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## Principal Components Analysis ( PCA)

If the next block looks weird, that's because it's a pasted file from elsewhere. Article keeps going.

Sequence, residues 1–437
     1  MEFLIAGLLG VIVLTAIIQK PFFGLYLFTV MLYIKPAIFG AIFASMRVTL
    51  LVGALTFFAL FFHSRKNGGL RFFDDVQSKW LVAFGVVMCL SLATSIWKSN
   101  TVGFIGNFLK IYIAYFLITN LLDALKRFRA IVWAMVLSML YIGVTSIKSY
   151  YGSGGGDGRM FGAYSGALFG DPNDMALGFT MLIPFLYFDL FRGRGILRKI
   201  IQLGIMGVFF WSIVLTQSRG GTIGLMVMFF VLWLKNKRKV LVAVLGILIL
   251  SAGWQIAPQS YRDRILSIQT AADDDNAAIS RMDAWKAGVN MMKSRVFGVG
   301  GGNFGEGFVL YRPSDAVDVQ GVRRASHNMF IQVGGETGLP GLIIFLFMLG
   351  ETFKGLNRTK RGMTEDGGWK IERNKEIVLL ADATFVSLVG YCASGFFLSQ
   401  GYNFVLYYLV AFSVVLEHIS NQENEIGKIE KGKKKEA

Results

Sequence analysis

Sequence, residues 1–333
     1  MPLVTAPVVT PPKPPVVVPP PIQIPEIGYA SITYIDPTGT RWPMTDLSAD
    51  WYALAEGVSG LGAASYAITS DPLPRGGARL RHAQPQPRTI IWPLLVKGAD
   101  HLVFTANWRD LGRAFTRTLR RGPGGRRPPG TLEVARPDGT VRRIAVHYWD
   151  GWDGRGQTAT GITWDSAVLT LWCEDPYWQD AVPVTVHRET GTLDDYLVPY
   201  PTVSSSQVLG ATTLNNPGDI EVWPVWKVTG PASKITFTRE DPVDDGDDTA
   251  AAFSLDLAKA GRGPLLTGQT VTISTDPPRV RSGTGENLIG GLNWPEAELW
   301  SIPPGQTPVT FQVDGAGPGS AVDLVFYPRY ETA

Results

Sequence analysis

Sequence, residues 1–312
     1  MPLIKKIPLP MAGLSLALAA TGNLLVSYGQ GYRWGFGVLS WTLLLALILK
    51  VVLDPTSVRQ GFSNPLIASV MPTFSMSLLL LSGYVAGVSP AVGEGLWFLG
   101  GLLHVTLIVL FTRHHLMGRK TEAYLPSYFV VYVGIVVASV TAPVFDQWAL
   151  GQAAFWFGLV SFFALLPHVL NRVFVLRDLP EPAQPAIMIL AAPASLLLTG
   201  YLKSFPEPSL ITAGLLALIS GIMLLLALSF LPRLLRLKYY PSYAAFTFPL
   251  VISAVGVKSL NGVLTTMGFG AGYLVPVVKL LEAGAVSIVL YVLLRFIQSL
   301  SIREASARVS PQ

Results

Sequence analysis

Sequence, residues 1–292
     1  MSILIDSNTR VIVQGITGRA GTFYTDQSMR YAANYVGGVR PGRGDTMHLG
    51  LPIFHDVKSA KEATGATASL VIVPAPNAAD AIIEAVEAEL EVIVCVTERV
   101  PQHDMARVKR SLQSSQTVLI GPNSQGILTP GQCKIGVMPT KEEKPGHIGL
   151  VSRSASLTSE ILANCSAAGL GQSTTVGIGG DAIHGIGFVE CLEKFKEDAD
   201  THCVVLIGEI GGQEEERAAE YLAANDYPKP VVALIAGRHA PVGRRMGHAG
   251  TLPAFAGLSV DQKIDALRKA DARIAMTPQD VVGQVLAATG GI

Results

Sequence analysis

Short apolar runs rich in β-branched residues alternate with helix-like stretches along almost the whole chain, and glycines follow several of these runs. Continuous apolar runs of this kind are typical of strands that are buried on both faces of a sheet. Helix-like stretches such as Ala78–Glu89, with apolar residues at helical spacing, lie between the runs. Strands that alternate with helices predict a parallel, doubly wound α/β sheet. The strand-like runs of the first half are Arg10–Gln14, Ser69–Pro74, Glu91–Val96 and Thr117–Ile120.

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**Principal Components Analysis ( PCA)**• An exploratory technique used to reduce the dimensionality of the data set to 2D or 3D • Can be used to: • Reduce number of dimensions in data • Find patterns in high-dimensional data • Visualize data of high dimensionality • Example applications: • Face recognition • Image compression • Gene expression analysis**Principal Components Analysis Ideas ( PCA)**• Does the data set ‘span’ the whole of d dimensional space? • For a matrix of m samples x n genes, create a new covariance matrix of size n x n. • Transform some large number of variables into a smaller number of uncorrelated variables called principal components (PCs). • developed to capture as much of the variation in data as possible**Y1**Y2 x x x x x x x x x x x x x x x x x x x x x x x x x • Principal Component Analysis • See online tutorials such as http://www.cs.otago.ac.nz/cosc453/student_tutorials/principal_components.pdf X2 Note: Y1 is the first eigen vector, Y2 is the second. Y2 ignorable. X1 Key observation: variance = largest!**Principal Component Analysis: one attribute first**• Question: how much spread is in the data along the axis? (distance to the mean) • Variance=Standard deviation^2**Now consider two dimensions**• Covariance: measures thecorrelation between X and Y • cov(X,Y)=0: independent • Cov(X,Y)>0: move same dir • Cov(X,Y)<0: move oppo dir**More than two attributes: covariance matrix**• Contains covariance values between all possible dimensions (=attributes): • Example for three attributes (x,y,z):**Eigenvalues & eigenvectors**• Vectors x having same direction as Ax are called eigenvectors of A (A is an n by n matrix). • In the equation Ax=x, is called an eigenvalue of A.**Eigenvalues & eigenvectors**• Ax=x (A-I)x=0 • How to calculate x and : • Calculate det(A-I), yields a polynomial (degree n) • Determine roots to det(A-I)=0, roots are eigenvalues • Solve (A- I) x=0 for each to obtain eigenvectors x**Principal components**• 1. principal component (PC1) • The eigenvalue with the largest absolute value will indicate that the data have the largest variance along its eigenvector, the direction along which there is greatest variation • 2. principal component (PC2) • the direction with maximum variation left in data, orthogonal to the 1. PC • In general, only few directions manage to capture most of the variability in the data.**Let be the mean vector (taking the mean of all rows)**Adjust the original data by the mean X’ = X – Compute the covariance matrix C of adjusted X Find the eigenvectors and eigenvalues of C. For matrix C, vectors e (=column vector) having same direction as Ce : eigenvectors of C is e such thatCe=e, is called an eigenvalue of C. Ce=e (C-I)e=0 Most data mining packages do this for you. Steps of PCA**Eigenvalues**• Calculate eigenvalues and eigenvectors x for covariance matrix: • Eigenvalues j are used for calculation of [% of total variance] (Vj) for each component j:**Transformed Data**• Eigenvalues j corresponds to variance on each component j • Thus, sort by j • Take the first p eigenvectors ei; where p is the number of top eigenvalues • These are the directions with the largest variances**An Example**Mean1=24.1 Mean2=53.8**Covariance Matrix**• C= • Using MATLAB, we find out: • Eigenvectors: • e1=(-0.98,-0.21), 1=51.8 • e2=(0.21,-0.98), 2=560.2 • Thus the second eigenvector is more important!**If we only keep one dimension: e2**• We keep the dimension of e2=(0.21,-0.98) • We can obtain the final data as**PCA –> Original Data**• Retrieving old data (e.g. in data compression) • RetrievedRowData=(RowFeatureVectorT x FinalData)+OriginalMean • Yields original data using the chosen components**Principal components**• General about principal components • summary variables • linear combinations of the original variables • uncorrelated with each other • capture as much of the original variance as possible**Applications – Gene expression analysis**• Reference: Raychaudhuri et al. (2000) • Purpose: Determine core set of conditions for useful gene comparison • Dimensions: conditions, observations: genes • Yeast sporulation dataset (7 conditions, 6118 genes) • Result: Two components capture most of variability (90%) • Issues: uneven data intervals, data dependencies • PCA is common prior to clustering • Crisp clustering questioned : genes may correlate with multiple clusters • Alternative: determination of gene’s closest neighbours**Two Way (Angle) Data Analysis**Conditions 101–102 Genes 103–104 Genes 103-104 Gene expression matrix Gene expression matrix Samples 101-102 Sample space analysis Gene space analysis**PCA on all GenesLeukemia data, precursor B and T**Plot of 34 patients, dimension of 8973 genes reduced to 2**PCA on 100 top significant genes Leukemia data, precursor B**and T Plot of 34 patients, dimension of 100 genes reduced to 2**PCA of genes (Leukemia data)**Plot of 8973 genes, dimension of 34 patientsreduced to 2